Exploring the cardiovascular disease continuum: blood pressure and target organ damage
O'Flynn, Anne Marie
University College Cork
Introduction The objectives of this thesis are to: (1) examine how ambulatory blood pressure monitoring (ABPM) refines office blood pressure (BP) measurement; (2) determine if absolute ambulatory BP or dipping status is better associated with target organ damage (TOD); (3) explore the association of isolated nocturnal hypertension (INH) with TOD; and (4) investigate the association of night-time BP with ultrasound markers of cardiovascular damage. Methods Data from the Mitchelstown Cohort Study was analysed to deliver objectives 1 and 2. Objective 3 was addressed by a systematic review and analysis of data from the Mitchelstown Study. A sample of participants from the Mitchelstown Study underwent an echocardiogram for speckle tracking analysis and carotid ultrasound to achieve objective 4. Results ABPM reclassifies hypertension status in approximately a quarter of individuals, with white coat and masked hypertension prevalence rates of 11% and 13% respectively. Night-time systolic BP is better associated with TOD than daytime systolic BP and dipping level. In multi-variable models the odds ratio (OR) for LVH was 1.4 (95% CI 1.1 -1.8) and for albumin:creatinine ratio ≥ 1.1 mg/mmol was 1.5 (95% CI 1.2 – 1.8) for each 10 mmHg rise in night-time systolic BP. The evidence for the association of INH with TOD is inconclusive. Night-time systolic BP is significantly associated with global longitudinal strain (GLS) (beta coefficient 0.85 for every 10 mmHg rise, 95% CI 0.3 – 1.4) and carotid plaques (OR 1.9 for every 10 mmHg rise, 95% CI 1.1 – 3.2) in univariable analysis. The findings persist for GLS in sex and age adjusted models but not in multivariable models. Discussion Hypertension cannot be effectively managed without using ABPM. Night-time systolic BP is better associated with TOD than daytime systolic BP and dipping level, and therefore, may be a better therapeutic target in future studies.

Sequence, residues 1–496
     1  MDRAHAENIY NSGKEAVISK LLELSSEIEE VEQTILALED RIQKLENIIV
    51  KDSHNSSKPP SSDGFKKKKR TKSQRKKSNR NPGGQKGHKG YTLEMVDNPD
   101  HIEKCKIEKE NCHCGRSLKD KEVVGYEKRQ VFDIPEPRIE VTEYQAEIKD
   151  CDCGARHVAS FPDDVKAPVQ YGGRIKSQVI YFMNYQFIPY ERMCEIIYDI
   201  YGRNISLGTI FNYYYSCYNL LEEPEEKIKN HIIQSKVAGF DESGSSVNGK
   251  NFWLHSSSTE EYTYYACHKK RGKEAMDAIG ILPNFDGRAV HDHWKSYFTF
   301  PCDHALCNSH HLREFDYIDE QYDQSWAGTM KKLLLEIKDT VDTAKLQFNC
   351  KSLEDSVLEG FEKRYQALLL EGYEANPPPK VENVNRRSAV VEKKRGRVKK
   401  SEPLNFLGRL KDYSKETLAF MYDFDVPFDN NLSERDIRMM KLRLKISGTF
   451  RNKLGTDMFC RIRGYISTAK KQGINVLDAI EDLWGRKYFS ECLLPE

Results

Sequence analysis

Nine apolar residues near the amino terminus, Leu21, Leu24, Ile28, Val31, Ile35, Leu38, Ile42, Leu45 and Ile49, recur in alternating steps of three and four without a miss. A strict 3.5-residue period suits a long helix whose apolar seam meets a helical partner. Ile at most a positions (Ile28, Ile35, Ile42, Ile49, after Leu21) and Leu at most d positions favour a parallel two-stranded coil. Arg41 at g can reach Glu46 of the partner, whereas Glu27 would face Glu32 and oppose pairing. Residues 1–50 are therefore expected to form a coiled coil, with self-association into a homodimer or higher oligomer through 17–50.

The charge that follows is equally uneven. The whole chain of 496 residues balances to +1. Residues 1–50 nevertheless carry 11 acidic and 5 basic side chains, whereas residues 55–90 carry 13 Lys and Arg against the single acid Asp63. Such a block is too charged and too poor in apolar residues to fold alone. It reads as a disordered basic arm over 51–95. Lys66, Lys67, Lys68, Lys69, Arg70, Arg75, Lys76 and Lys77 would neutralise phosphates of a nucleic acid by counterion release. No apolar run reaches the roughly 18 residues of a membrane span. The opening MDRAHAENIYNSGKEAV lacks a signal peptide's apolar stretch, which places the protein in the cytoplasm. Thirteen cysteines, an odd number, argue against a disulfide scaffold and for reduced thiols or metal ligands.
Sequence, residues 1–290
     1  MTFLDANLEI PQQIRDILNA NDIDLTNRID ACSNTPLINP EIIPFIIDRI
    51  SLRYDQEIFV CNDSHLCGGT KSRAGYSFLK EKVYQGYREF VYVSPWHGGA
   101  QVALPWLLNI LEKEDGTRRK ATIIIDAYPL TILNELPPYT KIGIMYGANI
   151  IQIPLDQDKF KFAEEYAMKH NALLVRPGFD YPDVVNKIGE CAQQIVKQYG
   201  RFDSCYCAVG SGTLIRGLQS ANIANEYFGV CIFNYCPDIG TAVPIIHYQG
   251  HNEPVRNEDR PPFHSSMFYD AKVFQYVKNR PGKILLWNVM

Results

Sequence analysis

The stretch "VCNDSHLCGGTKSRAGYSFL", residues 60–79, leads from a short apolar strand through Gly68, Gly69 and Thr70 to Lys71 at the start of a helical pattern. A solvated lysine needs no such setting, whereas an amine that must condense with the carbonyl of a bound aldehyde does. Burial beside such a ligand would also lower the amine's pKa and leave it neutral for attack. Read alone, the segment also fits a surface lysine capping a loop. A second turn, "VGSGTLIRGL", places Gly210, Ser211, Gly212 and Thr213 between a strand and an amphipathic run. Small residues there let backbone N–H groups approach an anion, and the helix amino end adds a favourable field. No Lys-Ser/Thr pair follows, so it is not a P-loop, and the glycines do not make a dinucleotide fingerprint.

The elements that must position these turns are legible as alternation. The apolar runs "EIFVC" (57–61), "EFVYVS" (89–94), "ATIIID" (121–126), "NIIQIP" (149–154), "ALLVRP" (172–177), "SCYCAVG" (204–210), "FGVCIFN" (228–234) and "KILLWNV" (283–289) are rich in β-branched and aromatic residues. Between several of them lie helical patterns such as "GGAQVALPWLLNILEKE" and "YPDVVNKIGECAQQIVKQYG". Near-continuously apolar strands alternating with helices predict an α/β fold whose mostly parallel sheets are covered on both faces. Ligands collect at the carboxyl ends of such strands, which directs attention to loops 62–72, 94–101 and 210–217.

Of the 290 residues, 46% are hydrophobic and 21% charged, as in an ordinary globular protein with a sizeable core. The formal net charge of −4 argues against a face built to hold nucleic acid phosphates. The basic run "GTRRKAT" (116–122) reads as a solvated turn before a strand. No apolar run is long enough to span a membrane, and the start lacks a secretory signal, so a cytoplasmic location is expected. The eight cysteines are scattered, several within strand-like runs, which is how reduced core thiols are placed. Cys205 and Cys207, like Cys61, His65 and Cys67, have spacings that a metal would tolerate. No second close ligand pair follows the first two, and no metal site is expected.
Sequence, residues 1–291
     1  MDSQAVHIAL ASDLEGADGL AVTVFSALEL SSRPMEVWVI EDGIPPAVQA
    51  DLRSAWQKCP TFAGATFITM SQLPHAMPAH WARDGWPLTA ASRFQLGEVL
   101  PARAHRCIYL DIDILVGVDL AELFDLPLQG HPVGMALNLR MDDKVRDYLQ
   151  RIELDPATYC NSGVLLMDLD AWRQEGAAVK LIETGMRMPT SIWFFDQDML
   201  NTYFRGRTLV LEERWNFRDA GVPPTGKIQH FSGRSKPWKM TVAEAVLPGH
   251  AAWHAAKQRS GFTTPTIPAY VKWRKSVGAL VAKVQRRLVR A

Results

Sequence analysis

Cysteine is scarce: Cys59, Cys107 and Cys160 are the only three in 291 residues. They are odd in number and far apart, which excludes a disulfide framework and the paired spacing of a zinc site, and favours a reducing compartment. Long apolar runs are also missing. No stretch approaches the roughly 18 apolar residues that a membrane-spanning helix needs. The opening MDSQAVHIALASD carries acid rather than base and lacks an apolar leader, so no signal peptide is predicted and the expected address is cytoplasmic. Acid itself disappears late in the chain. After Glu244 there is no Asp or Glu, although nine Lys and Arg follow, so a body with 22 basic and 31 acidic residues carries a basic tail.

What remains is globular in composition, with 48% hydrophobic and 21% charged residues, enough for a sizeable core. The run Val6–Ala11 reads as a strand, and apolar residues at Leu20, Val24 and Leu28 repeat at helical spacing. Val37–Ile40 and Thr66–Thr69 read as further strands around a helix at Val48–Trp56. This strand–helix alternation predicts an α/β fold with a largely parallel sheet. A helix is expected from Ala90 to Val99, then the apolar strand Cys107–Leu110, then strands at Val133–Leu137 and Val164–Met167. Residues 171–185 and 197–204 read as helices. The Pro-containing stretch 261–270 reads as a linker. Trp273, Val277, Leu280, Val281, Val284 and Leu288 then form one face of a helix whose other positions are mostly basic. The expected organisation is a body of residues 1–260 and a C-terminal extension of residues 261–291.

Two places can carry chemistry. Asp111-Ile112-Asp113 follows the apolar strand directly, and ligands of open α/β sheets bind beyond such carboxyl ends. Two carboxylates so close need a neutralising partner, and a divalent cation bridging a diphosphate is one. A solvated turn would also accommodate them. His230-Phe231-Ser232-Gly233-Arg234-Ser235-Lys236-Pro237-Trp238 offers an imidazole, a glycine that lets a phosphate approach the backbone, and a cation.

Hypertension , Target organ damage , Cardiovascular diseases , Blood pressure , Blood pressure monitoring , Ambulatory , Circadian rhythm , Risk factors
O'Flynn, A. M. 2016. Exploring the cardiovascular disease continuum: blood pressure and target organ damage. PhD Thesis, University College Cork.